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"Bill Nye, 'Science Guy,' Open to Jail Time for Climate ChangeSkeptics"
On 4/23/2016 3:05 PM, Siri Cruise wrote:
In article , Hot Lantis wrote:
Your climate statement was not historically loaded, you said:
"Some climates are unique because they are caused by unique atmospheres"
That implies that in the larger realm of extant micro-climates (which we
do have) you seem to feel there is a causal factor derived from more
than one atmosphere.
Always double down on stupid.
If that's what works for you dear...
I'm sorry you had to immolate your own credibility so abruptly.
I really was looking forward to running you until you lathered up and
In article , Hot Lantis wrote:
The great rust out occurred because it was the first time free oxygen was
Complete non sequitur.
When plants occupied the land, they had an explosion of growth that
carbon dioxide until the earth froze.
And damn the Kt boundary layer and that pesky indicator - Iridium, eh liar?
All over North America, the K-T boundary clay contains glass spherules
(Figure 18.2, bottom), and just above the clay is a thinner layer that
contains iridium along with fragments of shocked quartz. It is only a
few millimeters thick, but in total it contains more than a cubic
kilometer of shocked quartz in North America alone. The zone of shocked
quartz extends west onto the Pacific Ocean floor, but shocked quartz is
rare in K-T boundary rocks elsewhe some very tiny fragments occur in
European sites. All this evidence implies that the K-T impact occurred
on or near North America, with the iridium coming from the vaporized
asteroid and the shocked quartz coming from the continental rocks it hit.
The K-T impact crater has now been found. It is a roughly egg-shaped
geological structure called Chicxulub, deeply buried under the sediments
of the Yucatán peninsula of Mexico (Figure 18.3). The structure is about
180 km across, one of the largest impact structures so far identified
with confidence on Earth. A borehole drilled into the Chicxulub
structure hit 380 meters (more than 1000 feet) of igneous rock with a
strange chemistry. That chemistry could have been generated by melting
together a mixture of the sedimentary rocks in the region. The igneous
rock under Chicxulub contains high levels of iridium, and its age is 65
Ma, exactly coinciding with the K-T boundary.
Sixty-five million years ago about 70% of all species then living on
Earth disappeared within a very short period. The disappearances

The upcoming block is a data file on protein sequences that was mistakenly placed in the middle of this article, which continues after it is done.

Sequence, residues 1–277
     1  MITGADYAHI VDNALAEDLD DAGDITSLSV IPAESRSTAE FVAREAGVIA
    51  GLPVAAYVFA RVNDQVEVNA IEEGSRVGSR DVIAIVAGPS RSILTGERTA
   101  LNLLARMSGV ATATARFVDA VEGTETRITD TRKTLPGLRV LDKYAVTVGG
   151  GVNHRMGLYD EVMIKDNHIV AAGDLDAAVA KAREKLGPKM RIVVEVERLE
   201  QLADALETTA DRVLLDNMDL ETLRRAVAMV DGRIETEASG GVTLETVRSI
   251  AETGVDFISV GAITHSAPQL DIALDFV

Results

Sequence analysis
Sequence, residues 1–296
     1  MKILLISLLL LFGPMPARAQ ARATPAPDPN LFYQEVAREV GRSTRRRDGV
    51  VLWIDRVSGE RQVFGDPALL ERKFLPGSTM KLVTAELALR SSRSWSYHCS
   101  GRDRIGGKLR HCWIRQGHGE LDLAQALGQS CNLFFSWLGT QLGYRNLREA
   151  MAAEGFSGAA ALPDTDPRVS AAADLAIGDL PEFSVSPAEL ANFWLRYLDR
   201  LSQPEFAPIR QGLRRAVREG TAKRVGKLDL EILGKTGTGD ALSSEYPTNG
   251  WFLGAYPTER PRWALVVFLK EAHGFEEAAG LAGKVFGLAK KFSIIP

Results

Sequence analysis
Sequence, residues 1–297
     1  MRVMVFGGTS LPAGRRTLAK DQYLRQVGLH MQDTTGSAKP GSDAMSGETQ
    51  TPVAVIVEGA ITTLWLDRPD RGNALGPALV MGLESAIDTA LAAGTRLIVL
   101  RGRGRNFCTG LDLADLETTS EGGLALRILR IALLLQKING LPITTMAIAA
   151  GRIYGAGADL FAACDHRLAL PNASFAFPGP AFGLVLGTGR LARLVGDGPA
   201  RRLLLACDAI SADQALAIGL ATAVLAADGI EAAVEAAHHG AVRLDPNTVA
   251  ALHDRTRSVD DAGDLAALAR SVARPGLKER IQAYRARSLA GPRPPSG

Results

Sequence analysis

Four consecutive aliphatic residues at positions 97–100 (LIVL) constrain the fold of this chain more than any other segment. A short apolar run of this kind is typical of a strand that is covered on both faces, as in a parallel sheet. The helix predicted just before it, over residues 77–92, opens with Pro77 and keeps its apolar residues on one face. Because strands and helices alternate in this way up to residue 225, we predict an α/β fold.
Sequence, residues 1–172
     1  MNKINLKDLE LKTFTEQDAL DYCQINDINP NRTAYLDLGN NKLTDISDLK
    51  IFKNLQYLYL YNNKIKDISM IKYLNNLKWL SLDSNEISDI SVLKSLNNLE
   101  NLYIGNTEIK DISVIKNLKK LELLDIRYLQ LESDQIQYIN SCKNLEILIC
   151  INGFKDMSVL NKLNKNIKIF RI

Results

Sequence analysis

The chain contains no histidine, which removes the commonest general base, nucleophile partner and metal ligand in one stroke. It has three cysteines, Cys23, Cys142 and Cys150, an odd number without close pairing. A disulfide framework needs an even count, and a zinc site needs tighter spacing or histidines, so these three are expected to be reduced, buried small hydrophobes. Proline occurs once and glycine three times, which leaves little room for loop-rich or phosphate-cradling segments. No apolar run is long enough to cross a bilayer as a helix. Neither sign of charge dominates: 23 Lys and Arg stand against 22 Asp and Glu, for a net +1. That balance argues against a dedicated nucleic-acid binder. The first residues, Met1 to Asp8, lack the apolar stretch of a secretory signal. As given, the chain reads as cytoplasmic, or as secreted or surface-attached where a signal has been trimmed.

included the last of the great dinosaurs. Paleontologists speculated and
theorized for many years about what could have caused this "mass
extinction," known, as the K-T event (Cretaceous-Tertiary Mass
Extinction event). Then in 1980 Alvarez, Alvarez, Asaro, and Michel
reported their discovery that the peculiar sedimentary clay layer that
was laid down at the time of the extinction showed an enormous amount of
the rare element iridium. First seen in the layer near Gubbio, Italy,
the same enhancement was soon discovered to be world wide in that one
particular 1-cm (0.4-in.) layer, both on land and at sea. The Alvarez
team suggested that the enhancement was the product of a huge asteroid
impact. On Earth most of the iridium and a number of other rare elements
such as platinum, osmium, ruthenium, rhodium, and palladium are believed
to have been carried down into Earth's core, along with much of the
iron, when Earth was largely molten. Primitive "chondritic" meteorites
(and presumably their asteroidial parents) still have the primordial
solar system abundances of these elements. A chondritic asteroid 10 km
(6 mi.) in diameter would contain enough iridium to account for the
worldwide clay layer enhancement. This enhancement appears to hold for
the other elements mentioned as well.
Since the original discovery, many other pieces of evidence have come to
light that strongly support the impact theory. The high temperatures
generated by the impact would have caused enormous fires, and indeed
soot is found in the boundary clays. A physically altered form of the
mineral quartz that can only be formed by the very high pressures
associated with impacts has been found in the K-T layer.
Geologists who preferred other explanations for the K-T event said,
"show us the crater." In 1990 a cosmochemist named Alan Hildebrand
became aware of geophysical data taken 10 years earlier by geophysicists
looking for oil in the Yucatan region of Mexico. There a 180-km
(112-mi.) diameter ring structure called "Chicxulub" seemed to fit what
would be expected from a 65-million-year-old impact, and further studies
have largely served to confirm its impact origin. The Chicxulub crater
has been age dated (by the 40Ar/39Ar method) at 65 million years! Such
an impact would cause enormous tidal waves, and evidence of just such
waves at about that time has been found all around the Gulf.
One can never prove that an asteroid impact "killed the dinosaurs." Many
species of dinosaurs (and smaller flora and fauna) had in fact died out
over the millions of years preceding the K-T events. The impact of a
10-km asteroid would most certainly have been an enormous insult to life
on Earth. Locally, there would have been enormous shock wave heating and
fires, tremendous earthquake, hurricane winds, and trillions of tons of
debris thrown everywhere. It would have created months of darkness and
cooler temperatures globally. There would have been concentrated nitric
acid rains worldwide. Sulfuric acid aerosols may have cooled Earth for
years. Life certainly could not have been easy for those species which
did survive. Fortunately such impacts occur only about once every
hundred million years.